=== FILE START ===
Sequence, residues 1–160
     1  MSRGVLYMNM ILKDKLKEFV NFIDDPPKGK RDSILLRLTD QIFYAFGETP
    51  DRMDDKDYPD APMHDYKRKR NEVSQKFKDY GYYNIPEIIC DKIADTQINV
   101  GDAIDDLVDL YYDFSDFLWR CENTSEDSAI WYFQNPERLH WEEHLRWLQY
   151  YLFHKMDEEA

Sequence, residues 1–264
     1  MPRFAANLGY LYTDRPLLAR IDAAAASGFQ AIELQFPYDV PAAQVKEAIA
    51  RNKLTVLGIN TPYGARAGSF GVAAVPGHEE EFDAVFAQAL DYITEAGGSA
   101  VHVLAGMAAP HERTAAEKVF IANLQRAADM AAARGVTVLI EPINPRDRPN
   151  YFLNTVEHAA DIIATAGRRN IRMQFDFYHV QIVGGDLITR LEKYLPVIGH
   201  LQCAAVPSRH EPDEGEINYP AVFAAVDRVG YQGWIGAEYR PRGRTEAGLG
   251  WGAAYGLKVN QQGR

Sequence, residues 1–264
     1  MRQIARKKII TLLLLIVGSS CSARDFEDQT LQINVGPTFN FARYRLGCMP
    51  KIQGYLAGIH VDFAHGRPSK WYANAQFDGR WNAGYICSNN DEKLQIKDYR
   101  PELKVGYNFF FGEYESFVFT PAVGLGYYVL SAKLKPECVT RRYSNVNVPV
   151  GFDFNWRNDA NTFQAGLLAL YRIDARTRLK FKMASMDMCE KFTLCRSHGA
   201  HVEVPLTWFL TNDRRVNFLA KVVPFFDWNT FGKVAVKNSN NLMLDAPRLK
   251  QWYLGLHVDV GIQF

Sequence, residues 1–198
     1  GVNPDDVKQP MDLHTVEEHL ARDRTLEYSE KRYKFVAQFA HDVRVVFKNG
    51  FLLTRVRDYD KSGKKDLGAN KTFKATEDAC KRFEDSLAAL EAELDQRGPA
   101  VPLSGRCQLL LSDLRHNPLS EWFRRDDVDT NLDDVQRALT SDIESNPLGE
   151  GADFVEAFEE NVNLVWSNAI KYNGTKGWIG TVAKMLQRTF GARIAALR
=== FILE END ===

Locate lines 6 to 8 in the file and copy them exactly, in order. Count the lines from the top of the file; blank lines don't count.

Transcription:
Sequence, residues 1–264
     1  MPRFAANLGY LYTDRPLLAR IDAAAASGFQ AIELQFPYDV PAAQVKEAIA
    51  RNKLTVLGIN TPYGARAGSF GVAAVPGHEE EFDAVFAQAL DYITEAGGSA